The Indians do seem, in certain areas, a far cry from the team that was good enough to reach the World Series and rattle off that 22-game win streak. But thanks to a weak AL Central, it'd still be somewhat surprising to see them toppled from the top of the division. They have a dominant starting staff and two legitimate MVP candidates. Who can compete with that. Not the Twins. Not the rebuilding squads in Kansas City, Detroit or on the South Side of Chicago. The Indians' window might be nearing its close. But it won't slam shut this year.

2018 record: 91-71, first place in AL Central

Offseason additions: Carlos Santana, Jake Bauers, Hanley Ramirez, Kevin Plawecki

Offseason departures: Andrew Miller, Cody Allen, Michael Brantley, Josh Donaldson, Lonnie Chisenhall, Melky Cabrera, Josh Tomlin, Rajai Davis

X-factor: Brad Hand made the NL All-Star team with the San Diego Padres in each of the last two seasons, sensational in 2017 and quite good again in 2018. But his numbers were even better last season after the trade that sent him to Cleveland. He posted a 2.28 ERA with 41 strikeouts in 27.2 innings with the Indians.

Projected lineup:

1. Leonys Martin, CF
2. Jason Kipnis, 2B
3. Jose Ramirez, 3B
4. Carlos Santana, 1B
5. Jake Bauers, LF
6. Hanley Ramirez, DH
7. Tyler Naquin, RF
8. Roberto Perez, C
9. Eric Stamets, SS
*Francisco Lindor, SS, expected to start the season on the IL

Projected rotation:

1. Corey Kluber
2. Trevor Bauer
3. Carlos Carrasco
4. Mike Clevinger
5. Shane Bieber

Prediction: First place in AL Central

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Trevor Bauer trolls Cubs with A+ World Series Tweet

Trevor Bauer trolls Cubs with A+ World Series Tweet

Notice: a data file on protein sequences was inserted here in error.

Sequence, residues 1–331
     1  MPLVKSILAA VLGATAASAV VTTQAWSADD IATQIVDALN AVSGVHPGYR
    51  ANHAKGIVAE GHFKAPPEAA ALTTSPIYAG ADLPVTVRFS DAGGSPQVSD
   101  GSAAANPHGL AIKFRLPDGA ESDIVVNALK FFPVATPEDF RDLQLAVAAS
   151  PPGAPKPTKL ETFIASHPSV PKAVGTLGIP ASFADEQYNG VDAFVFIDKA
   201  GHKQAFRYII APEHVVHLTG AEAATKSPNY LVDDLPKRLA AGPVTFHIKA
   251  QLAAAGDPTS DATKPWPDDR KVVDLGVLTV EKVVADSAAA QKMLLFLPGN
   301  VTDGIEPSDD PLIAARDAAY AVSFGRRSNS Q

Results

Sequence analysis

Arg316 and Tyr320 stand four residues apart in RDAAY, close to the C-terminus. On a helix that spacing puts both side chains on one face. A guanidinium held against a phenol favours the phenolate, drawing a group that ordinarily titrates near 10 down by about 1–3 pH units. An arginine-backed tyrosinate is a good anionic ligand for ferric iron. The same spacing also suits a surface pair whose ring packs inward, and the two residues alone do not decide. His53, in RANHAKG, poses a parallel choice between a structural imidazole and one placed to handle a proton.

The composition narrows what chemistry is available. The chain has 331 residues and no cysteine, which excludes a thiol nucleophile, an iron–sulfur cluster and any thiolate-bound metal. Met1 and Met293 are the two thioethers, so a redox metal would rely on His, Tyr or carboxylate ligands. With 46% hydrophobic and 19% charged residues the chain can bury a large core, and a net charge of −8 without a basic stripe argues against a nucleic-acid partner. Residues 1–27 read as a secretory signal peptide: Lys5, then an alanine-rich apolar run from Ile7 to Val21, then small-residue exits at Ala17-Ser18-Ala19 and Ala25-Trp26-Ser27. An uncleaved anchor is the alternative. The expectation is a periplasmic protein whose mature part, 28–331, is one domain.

Trevor Bauer is at it again. 

The Cleveland Indians pitcher is one of Major League Baseball's best trolls and this time Cubdom was the subject of his latest exploits. 

First the joke (and a dynamite drop-in by @Cubs), then the backstory:

The thread began when Mets pitcher Noah Syndergaard Tweeted a Ron Burgandy GIF of him watching MLB Network as his name popped up in trade rumors this week during Winter Meetings. National reporter Jon Heyman Tweeted Syndergaard might have the best player account out there, to which fans responded with their thoughts that Bauer should be included in that short list:

When @daphnesmomshell commented that she hoped Bauer would come pitch for the Cubs, the pitcher was quick on the draw with a comeback implying that his drone accident altered the course of Cubs history as we know it.

Bauer cut the finger of his pitching hand on a drone blade in October 2016, limiting him to just 5.1 innings of work in the ALDS and ALCS that year. 

He was able to return for the World Series, pitching in 3 games (2 starts), but struggled badly. Bauer went 0-2 (losing Games 2 and 5) with a 5.40 ERA and 1.68 WHIP and is clearly intimating the Cubs would not have won the World Series had he been 100 percent.

It's all in good fun, which is pretty much the only thing Bauer does online.